Ship of Gold: The Essential Poems of Émile Nelligan translated by Marc Di Saverio
Émile Nelligan had me at “Canada’s first modern poet.” Nelligan is regularly touted (when he’s touted at all) as Canada’s Rimbaud. Wearing the influence of Baudelaire on his sleeve, it’s an easy comparison to make. “Our tongues now shudder in your lyrical spell,” as Marc Di Saverio translates a line from the poem “Baudelaire.”
When I found out that Marc Di Saverio was translating the poems, alongside his father, Carlo Di Saverio, I couldn’t wait to see the results. I’d read all of Nelligan’s biggest hits in the original (not always knowing what was going on), and otherwise have carted around Fred Cogswell’s The Complete Poems of Émile Nelligan in my pocket on and off for six or seven years. Cogswell’s translations are good, but they feel old—older than they actually are.
Fred Cogswell’s translations were published in 1983, but in Cogswell’s hands, they feel like Alexander Pope translating The Iliad. Their rhyme schemes feel forced. The language is distorted into lines that seem only tangentially related to Nelligan’s original. Cogswell’s translations haven’t aged well, and while Di Saverio doesn’t hesitate to reinvent Nelligan’s verse, there are parts that stick closer to literal translations. Take “Soir d’hiver,” one of Nelligan’s better-known works. The refrain “Ah! Comme la neige a neigé!” becomes “Ah! how the snow falls free!” with Cogswell. Di Saverio cleaves to the literal, “O how the snow has snowed!”
This hypothesis falls apart only three lines later, where Cogswell sticks to the original and Di Saverio is looser with his translations, but Di Saverio’s lines come across as organic where Cogswell’s seem ornate. There are plenty of parts where Di Saverio takes considerable liberty, but also gives us something much better than Cogswell. Take “Romance du Vin.” Nelligan’s three lines read:
J’ai le rêve de faire aussi des vers célèbres,
Des vers qui gémiront les musiques funèbres
Des vents d’automne au loin passant dans le brouillard.
Cogswell gives us:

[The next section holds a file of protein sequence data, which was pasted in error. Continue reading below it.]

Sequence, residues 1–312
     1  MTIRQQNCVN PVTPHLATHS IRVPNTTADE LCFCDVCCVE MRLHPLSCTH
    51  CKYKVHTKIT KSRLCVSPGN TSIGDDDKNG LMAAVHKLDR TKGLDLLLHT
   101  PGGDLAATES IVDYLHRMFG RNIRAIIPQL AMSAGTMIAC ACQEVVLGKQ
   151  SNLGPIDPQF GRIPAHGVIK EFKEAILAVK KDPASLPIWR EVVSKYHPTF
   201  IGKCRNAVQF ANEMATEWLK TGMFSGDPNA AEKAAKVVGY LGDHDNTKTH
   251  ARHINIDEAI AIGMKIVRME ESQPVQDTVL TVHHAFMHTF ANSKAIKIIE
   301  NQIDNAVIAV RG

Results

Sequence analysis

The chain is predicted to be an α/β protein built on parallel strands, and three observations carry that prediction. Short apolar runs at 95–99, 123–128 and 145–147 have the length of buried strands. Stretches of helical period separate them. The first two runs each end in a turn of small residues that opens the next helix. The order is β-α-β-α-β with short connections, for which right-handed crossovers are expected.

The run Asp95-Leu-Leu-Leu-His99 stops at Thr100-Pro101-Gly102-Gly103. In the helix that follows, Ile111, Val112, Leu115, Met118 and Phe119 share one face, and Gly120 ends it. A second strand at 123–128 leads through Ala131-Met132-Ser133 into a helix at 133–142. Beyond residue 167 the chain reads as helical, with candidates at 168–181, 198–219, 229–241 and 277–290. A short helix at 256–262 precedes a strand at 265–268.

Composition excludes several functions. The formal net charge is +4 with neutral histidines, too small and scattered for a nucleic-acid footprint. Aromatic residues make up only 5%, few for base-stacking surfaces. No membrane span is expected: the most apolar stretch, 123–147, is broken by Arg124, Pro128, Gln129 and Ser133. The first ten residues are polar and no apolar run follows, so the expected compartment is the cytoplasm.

I, too, have dreamed of making poetry
That lives, of poems that sound the exequy
For autumn winds that pass in far-off mist.
Finally, Di Saverio, breaking quatrains which he preserves in most of the other poems:
O know I too had dreams of writing verses worth reciting—lines of distant autumn breezes passing in the fog.
He drops completely the “musiques funèbres,” but at least he hasn’t spoiled the thing with “poems that sound the exequy.” Di Saverio condenses, and changes the original considerably, but the funereal feeling carries through. They’re good poems and they’re good translations, and they bring back into discussion one of Canada’s best 19th century poets—a great reminder for anyone who makes the case that, before 1959, Canada was a country “without a literature.” (Everyone has their favourite pre-war antecedents to pick out, Nelligan’s just mine.)
In his afterword, Di Saverio claims that Nelligan “was one of the first poets to write openly about suicide, neurosis, and psychological breakdown, and, in a way, he is a precursor of Confessional poetry.” It’s a much-needed update to the “Canada’s first modern poet” line, which zeroes in on Nelligan’s use of imagery to express an emotional state. A big part of modern poetry, the part that might be most aligned with Baudelaire, is the turn toward poetry about miserable feelings—depression and anxiety, set against the fog and poverty of Paris, or in this case, the snow and church bells of Montreal. Before Baudelaire, suicide was something literary characters only did with a good reason. Marc Di Saverio brings Nelligan in English back from the Romantic-brink where Cogswell took him, away from the sublime and toward cold winter nights in carré St-Louis, where the trees look like good places to end it all.